Vale Emeritus Professor Max Corden AC, 13/8/1927 – 22/10/2023

The Faculty of Business and Economics acknowledges the passing of Emeritus Professor Max Corden on Sunday, October 22, 2023, at the age of 96.

Max has been the economics profession’s teacher. His published work and his lectures have always been models of clarity and precision. His book Trade Policy and Welfare half a century ago precisely and clearly set out nearly the whole of what is important for policy in economic thinking about international trade.

His Inflation, Exchange Rates and the World Economy 46 years ago applied the best of international macroeconomic theory to understanding the new problems of a world disrupted by floating exchange rates and shocks from suddenly higher energy prices.

Max has always worked on the big economic issues of the day in the real world. His focus on protection and trade policy in the first two decades of his career was directed by the central Australian economic policy question of those days. His shift in focus at Oxford in the 1970s to unemployment and inflation in a world of disrupted global energy markets was the big practical question of that time. Over the past decade, he has taken a close interest in climate change and decarbonisation.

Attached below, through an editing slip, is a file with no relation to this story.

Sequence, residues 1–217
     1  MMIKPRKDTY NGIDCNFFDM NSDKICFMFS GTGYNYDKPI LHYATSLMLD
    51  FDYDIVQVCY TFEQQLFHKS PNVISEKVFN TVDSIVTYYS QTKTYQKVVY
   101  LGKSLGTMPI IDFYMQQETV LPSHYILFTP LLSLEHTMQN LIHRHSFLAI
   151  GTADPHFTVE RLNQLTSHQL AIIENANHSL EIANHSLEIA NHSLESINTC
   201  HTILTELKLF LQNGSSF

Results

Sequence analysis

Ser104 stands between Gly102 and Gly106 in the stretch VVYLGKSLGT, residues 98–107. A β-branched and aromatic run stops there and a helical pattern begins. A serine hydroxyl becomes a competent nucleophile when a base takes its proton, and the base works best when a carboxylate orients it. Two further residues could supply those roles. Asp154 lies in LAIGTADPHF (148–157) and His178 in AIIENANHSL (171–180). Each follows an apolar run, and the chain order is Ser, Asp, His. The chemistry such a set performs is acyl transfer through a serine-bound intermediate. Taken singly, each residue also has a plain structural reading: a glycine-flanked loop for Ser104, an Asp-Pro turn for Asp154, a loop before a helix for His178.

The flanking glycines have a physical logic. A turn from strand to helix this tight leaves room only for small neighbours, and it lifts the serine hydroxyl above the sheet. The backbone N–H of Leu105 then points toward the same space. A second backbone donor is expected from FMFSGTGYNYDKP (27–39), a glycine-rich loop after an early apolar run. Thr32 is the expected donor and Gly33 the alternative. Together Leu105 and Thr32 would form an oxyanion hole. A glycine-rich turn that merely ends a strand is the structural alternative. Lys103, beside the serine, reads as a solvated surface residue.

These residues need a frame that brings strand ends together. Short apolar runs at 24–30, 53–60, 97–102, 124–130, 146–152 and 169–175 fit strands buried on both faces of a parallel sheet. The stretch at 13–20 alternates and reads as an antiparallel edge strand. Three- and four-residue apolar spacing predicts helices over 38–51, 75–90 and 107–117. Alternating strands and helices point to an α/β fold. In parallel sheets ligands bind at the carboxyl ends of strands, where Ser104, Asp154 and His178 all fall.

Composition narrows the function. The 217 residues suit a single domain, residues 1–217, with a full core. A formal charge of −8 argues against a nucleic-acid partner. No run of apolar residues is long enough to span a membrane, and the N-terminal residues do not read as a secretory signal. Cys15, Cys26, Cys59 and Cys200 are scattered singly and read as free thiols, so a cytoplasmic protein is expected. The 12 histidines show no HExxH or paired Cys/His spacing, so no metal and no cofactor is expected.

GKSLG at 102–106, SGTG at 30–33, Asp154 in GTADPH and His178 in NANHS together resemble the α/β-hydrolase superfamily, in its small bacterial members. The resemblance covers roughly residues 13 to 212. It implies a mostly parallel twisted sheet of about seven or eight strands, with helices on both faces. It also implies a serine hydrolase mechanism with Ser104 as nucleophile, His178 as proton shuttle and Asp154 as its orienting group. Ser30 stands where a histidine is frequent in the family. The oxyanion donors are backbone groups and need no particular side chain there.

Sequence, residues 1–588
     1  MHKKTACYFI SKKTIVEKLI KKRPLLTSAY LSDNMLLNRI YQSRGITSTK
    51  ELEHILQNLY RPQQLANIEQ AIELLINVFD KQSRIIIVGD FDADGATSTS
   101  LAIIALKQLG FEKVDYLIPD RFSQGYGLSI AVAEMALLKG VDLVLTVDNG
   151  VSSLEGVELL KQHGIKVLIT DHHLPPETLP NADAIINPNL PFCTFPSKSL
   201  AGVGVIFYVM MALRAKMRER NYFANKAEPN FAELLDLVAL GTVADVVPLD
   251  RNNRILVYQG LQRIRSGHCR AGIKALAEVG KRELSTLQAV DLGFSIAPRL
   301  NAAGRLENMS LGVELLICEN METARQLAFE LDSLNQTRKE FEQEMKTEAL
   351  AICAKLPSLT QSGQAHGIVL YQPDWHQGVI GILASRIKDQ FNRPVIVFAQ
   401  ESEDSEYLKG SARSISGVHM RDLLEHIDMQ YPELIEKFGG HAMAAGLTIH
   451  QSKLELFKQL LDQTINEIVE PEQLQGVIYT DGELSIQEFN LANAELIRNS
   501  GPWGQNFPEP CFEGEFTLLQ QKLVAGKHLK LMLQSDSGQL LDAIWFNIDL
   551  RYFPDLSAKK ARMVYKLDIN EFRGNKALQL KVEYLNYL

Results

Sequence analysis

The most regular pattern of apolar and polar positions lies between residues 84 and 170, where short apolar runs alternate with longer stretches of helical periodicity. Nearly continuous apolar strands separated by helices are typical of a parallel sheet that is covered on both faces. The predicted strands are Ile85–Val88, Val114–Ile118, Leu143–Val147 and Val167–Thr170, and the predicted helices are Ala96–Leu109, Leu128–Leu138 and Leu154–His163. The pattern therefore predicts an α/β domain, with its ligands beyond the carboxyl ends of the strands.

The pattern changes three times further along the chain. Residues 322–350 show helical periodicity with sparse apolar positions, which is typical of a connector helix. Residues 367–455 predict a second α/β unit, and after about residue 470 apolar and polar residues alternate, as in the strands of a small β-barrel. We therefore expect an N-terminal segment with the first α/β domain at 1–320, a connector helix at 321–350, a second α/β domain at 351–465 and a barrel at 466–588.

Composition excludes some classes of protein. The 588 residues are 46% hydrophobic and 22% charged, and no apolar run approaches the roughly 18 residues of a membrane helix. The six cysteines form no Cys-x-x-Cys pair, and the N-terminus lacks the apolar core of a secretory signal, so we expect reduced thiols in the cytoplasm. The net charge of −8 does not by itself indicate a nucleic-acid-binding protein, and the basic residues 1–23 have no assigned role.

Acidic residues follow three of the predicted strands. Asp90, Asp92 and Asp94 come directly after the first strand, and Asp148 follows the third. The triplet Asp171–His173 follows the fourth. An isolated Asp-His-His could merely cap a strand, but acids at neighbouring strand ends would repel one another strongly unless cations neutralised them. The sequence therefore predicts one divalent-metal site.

In launching Max’s autobiography Lucky Boy in the Lucky Country, his colleague and friend Emeritus Professor Ross Garnaut AC described Max as a "Conservative Liberal Social Democrat".  Professor Garnaut expanded on this phrase at the 2023 Max Corden Public Lecture:

"For small minds, these four words together mean nothing in particular. In Max’s case, each of the words adds content to a precise and rich concept."

Book cover for Max Corden's autobiography
Lucky Boy in the Lucky Country (2017), Palgrave Macmillan

"A Democrat, because in the end, public choice should give similar weight to the preferences of all people. A Social Democrat, because society works better for its members if the state intervenes to raise the living standards of its poorer members. And in any case, democracy does not work in practice unless there is reasonably equitable distribution of incomes and access to the civilising services."

"Liberal because the preferences and freedoms of individuals of all ethnicities, beliefs and circumstances should be respected and defended against the preferences or decisions of a democratic majority when these threaten to oppress individuals and minorities. And Conservative, because poorly considered large change carries risks of unhappy unintended consequences, and because people prefer change from established conditions to be gradual and comprehensible."

The Faculty mourns the loss of its colleague, our world-renowned (international) economist Max Corden, who leaves an enduring academic and economic policy legacy for Australia and the world.

We pass our condolences to Max’s family.

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